(This is very much related to Andrew's post Improving editing suggestions etiquette, but with a different emphasis. Hope it's OK to have this as a separate question.)

Now that everyone can suggest edits to any post, it might be helpful to discuss how we handle the edit suggestions. The cause for my question is this post: Use (or redefine a) \tag command in text mode. It seems that an anonymous user proposed to fix the typo in "pair of parensis" (which is good), and the suggestion was to change it to "pair of parenthese". This still contains a typo and hence shouldn't have been approved, but that actually isn't the point I want to make:

I think the main point is that the edit suggestion didn't go far enough; just this one edit couldn't really improve the post: There's inline code to mark, there are more typos, the wording could be improved. I'm not demanding that a proposed edit has to catch every single bit, but such incomplete edits don't justify bumping the question half a day later (and moving it one step closer to community wiki).

So here's what I propose: For anonymous incomplete suggested edits, reject the edit and make a more complete edit. Same for very incomplete edit suggestions by registered users. If you want to give the registered user credit, have a look at the meta question mentioned above: Improving editing suggestions etiquette.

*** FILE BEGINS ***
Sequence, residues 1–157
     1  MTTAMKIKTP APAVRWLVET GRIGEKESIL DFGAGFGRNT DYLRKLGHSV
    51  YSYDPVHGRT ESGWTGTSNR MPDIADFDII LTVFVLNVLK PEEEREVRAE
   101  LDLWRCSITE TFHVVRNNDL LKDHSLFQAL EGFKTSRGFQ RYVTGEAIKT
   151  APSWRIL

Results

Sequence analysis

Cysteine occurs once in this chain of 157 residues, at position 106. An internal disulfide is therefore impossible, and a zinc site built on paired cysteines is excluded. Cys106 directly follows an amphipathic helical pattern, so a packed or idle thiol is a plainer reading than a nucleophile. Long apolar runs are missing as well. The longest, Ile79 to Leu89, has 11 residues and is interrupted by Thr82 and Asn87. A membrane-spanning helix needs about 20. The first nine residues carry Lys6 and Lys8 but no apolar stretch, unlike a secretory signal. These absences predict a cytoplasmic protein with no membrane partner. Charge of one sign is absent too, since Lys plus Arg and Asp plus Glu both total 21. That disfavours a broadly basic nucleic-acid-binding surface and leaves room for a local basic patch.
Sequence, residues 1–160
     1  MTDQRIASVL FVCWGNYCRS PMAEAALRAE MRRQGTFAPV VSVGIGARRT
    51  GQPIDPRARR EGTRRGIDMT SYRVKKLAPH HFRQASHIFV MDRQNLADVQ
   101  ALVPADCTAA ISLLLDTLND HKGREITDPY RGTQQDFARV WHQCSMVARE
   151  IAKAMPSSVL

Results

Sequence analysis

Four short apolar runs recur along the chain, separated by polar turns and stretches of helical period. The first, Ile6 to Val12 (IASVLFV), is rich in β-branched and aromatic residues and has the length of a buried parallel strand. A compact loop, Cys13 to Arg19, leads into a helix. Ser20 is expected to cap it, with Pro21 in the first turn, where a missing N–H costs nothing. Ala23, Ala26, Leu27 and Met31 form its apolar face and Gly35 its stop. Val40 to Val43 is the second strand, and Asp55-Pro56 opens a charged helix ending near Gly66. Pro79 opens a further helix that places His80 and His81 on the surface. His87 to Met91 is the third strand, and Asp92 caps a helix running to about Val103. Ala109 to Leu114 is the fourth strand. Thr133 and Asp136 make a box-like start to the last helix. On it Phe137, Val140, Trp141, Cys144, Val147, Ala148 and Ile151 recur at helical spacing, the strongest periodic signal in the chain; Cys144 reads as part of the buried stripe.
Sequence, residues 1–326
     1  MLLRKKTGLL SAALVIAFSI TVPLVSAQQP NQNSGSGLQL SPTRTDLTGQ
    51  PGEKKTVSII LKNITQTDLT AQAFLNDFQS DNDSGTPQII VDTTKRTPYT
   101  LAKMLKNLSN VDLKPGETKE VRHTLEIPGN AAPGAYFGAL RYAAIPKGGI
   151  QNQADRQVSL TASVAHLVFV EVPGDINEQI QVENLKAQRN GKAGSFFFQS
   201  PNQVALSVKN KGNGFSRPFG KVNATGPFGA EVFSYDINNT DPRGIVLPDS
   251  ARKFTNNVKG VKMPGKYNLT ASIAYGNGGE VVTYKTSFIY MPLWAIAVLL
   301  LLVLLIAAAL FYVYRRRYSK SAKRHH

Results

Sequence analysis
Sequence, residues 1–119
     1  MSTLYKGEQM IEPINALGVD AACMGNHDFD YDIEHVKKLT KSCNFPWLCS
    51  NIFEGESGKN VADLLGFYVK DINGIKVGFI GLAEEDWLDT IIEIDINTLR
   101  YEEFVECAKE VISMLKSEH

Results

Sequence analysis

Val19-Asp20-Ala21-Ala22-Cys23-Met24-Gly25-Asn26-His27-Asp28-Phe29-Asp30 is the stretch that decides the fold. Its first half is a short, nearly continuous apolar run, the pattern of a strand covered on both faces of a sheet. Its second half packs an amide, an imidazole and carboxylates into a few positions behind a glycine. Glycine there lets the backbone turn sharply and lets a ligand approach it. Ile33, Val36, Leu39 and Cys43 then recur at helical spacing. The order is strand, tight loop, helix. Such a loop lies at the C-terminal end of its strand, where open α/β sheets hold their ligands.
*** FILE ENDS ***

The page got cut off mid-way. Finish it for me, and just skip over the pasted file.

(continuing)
(Personally, I see pros and cons in suggested edits: On the one hand they can and do help improving our site, on the other hand I think it takes more effort to see if an edit was good than doing it myself.)

  • I have to admit that I accepted the edit, as I thought it very likely that the anonymous user was the original author (who is unregistered).
    – Caramdir
    Commented Mar 15, 2011 at 17:14
  • @Caramdir: Ah, that sounds like a good reason. But 1. you gave me reason to post this :-) and 2. it might still have been better to reject, but that would have meant a lot more effort for you then ... Commented Mar 15, 2011 at 17:32

1 Answer 1


I agree.

There should also be (read: there is) an [improve] button that allows you to "edit the edit" as it were.

  • I didn't mention the "improve" button since this is already discussed at that other post Improving editing suggestions etiquette. What I (and Andrew) dislike about the "improve" button is that you get two edits to the post when you use it, thus bringing the post two steps closer to CW. Commented Mar 15, 2011 at 11:07
  • There should be also a possibility to tell the suggester why you rejected his/her edit. I had the cases where low rep users suggested edits to a high rep users answer to their own question to just tweak some of the settings (changing 'chapter' to 'section', or adjusting values). I find this things should be posted as comments instead. In certain cases these could make an answer wrong which would the reflect badly on the OP on the answer, so I normally don't like to approve these. Commented Mar 16, 2011 at 8:10
  • @hendrik there is now a way for moderators to revert auto community wiki and protect against it, see: meta.stackexchange.com/questions/2974/… and meta.math.stackexchange.com/questions/1770/… Commented Mar 16, 2011 at 8:14
  • Thanks a lot for that info! (I had followed the discussion on meta.math.sx, but didn't expect such a quick result!) Commented Mar 16, 2011 at 8:20

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